52,776,000 (2013); 64 per cent of people live in urban areas and 34 per cent in urban agglomerations of more than one million people; growth 1.6 per cent p.a. 1990–2013; birth rate 21 per 1,000 people (38 in 1970); life expectancy 57 years (53 in 1970 and 61 in 1990).
People of African origin constitute 79.0 per cent of the population (2001 census), European origin 9.6 per cent, mixed descent 8.9 per cent (‘coloureds’) and Asian origin 2.5 per cent. The African linguistic groups comprise Zulu (23.8 per cent of the total population), Xhosa (17.6 per cent), Pedi (9.4 per cent), Tswana (8.2 per cent), Sotho (7.9 per cent), Tsonga (4.4 per cent), Swati (2.7 per cent), Venda (2.3 per cent) and several smaller groups. The ‘coloureds’ include descendants of slaves brought from Malaya, Indonesia and Madagascar, and the Khoi-Khoi people of the Cape. There is also a substantial flow of inward migration of people seeking employment, most from neighbouring countries such as Lesotho, Mozambique and Zimbabwe.
Official languages are Afrikaans, English, Ndebele, Sesotho sa Leboa (Northern Sotho), Sesotho, Setswana, siSwati, Tsonga, Venda, Xhosa and Zulu.
Christians 80 per cent (2001 census), with a wide range of denominations; and minorities of Muslims, Hindus and Jews. Traditional and Christian forms of worship are often blended.
Public spending on health was four per cent of GDP in 2012. Durban Academic Hospital in KwaZulu-Natal, four new hospitals in Northern Province and many new health centres were built in the late 1990s. Some 95 per cent of the population uses an improved drinking water source and 74 per cent have access to adequate sanitation facilities (2012). Infant mortality was 33 per 1,000 live births in 2013 (89 in 1960).
AIDS is a severe problem. In 2013, 19.1 per cent of people aged 15–49 were HIV positive. For many years the government appeared unable to accept the severity of the looming problem and failed to take measures to contain it. By 2000, when it became involved in controversy over its claim that AIDS was not caused by HIV, there were – by some international estimates – more HIV-positive cases in South Africa than any other country. By April 2002, however, the government had committed itself to lead the battle against HIV/AIDS, making antiretroviral drugs available through the health service.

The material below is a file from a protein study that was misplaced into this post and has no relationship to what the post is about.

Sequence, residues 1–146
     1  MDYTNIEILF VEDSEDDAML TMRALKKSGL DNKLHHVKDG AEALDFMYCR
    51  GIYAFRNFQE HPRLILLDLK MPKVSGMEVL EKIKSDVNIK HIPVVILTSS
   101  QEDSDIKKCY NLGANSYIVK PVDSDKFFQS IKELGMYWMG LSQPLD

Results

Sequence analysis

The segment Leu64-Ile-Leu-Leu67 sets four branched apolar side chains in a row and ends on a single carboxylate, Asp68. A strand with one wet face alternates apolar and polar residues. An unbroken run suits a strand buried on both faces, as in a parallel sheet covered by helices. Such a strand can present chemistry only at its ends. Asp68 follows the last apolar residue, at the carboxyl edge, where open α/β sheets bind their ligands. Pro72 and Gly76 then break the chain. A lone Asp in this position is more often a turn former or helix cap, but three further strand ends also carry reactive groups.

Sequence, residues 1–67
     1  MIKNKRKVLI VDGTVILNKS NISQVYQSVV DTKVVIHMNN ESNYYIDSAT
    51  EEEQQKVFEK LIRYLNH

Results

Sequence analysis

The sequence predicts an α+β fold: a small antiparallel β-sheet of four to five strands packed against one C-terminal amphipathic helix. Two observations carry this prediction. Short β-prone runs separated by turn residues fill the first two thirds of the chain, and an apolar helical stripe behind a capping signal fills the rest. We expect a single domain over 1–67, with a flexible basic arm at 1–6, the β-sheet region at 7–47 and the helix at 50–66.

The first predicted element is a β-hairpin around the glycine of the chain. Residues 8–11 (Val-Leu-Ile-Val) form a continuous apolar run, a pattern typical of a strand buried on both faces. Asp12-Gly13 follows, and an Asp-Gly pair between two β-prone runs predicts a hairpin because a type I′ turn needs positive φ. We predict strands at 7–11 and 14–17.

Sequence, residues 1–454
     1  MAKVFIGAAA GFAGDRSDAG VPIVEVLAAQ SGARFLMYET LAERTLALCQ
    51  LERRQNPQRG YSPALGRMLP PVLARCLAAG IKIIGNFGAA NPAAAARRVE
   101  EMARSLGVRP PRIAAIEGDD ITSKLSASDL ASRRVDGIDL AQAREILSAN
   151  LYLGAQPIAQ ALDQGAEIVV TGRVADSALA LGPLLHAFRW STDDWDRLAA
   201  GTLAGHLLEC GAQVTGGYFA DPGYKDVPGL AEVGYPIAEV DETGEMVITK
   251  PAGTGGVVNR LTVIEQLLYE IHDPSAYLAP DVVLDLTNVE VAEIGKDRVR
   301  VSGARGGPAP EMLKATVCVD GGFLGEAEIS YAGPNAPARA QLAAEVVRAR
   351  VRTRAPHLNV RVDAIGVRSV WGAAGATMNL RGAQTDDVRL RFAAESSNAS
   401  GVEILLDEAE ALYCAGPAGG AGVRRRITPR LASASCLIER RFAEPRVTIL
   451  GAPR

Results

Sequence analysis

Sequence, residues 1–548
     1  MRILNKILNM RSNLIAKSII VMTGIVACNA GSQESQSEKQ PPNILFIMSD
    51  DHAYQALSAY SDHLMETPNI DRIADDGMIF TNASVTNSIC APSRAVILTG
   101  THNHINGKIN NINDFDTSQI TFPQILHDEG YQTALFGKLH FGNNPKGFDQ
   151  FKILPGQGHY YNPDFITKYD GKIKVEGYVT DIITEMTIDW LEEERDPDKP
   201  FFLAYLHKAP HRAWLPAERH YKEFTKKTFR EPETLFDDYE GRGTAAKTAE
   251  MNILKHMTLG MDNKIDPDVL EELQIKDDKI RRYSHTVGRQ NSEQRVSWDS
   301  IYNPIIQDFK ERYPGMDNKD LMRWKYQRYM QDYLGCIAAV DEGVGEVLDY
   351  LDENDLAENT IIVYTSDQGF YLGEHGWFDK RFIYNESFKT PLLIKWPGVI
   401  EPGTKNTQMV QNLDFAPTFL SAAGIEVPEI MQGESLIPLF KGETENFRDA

Public spending on education was 6.6 per cent of GDP in 2012. There are nine years of compulsory education starting at the age of seven. Primary school comprises seven years and secondary five, with cycles of two and three years. The school year starts in January.
In January 2012 the Council on Higher Education recognised 23 public universities, including two concentrating on distance education and six universities of technology. It had also registered 88 private higher education institutions and a further 27 were provisionally registered. There are some 892,940 students in public higher education institutions, some 138,610 of whom are postgraduate students (2010). Literacy among people aged 15–24 is 98 per cent (2007).
South Africa hosted the 16th Commonwealth Conference of Education Ministers in Cape Town in December 2006. Commonwealth Education Ministers meet every three years to discuss issues of mutual concern and interest.
Among the many dailies in English are Business Day, Cape Argus, Cape Times, The Citizen and The Star. Leading Afrikaans- language dailies are Beeld (Johannesburg) and Die Burger (Cape Town). The most influential national weeklies are Financial Mail, Mail & Guardian, The Sunday Independent and Sunday Times.
State-owned South African Broadcasting Corporation (SABC) provides a comprehensive range of national and regional radio stations covering 11 languages and an external service for a pan- African audience, Channel Africa. There are very many private radio stations. SABC also operates three national TV networks and two pay-TV services. Many private TV channels are available nationally; and private TV network M-Net targets a pan-African audience.
Some 75 per cent of households have TV sets (2009). There are 83 personal computers per 1,000 people (2005).
Country code 27; internet domain ‘.za’. Mobile phone coverage extends to most of the country. Internet cafes are located in most parts of the country.
For every 1,000 people there are 92 landlines, 1,475 mobile phone subscriptions and 489 internet users (2013).
New Year’s Day, Human Rights Day (21 March), Freedom Day (27 April), Workers’ Day (1 May), Youth Day (16 June), National Women’s Day (9 August), Heritage Day (24 September), Day of Reconciliation (16 December), Christmas Day and Day of Goodwill (26 December).
Religious festivals whose dates vary from year to year include Good Friday and Family Day/Easter Monday.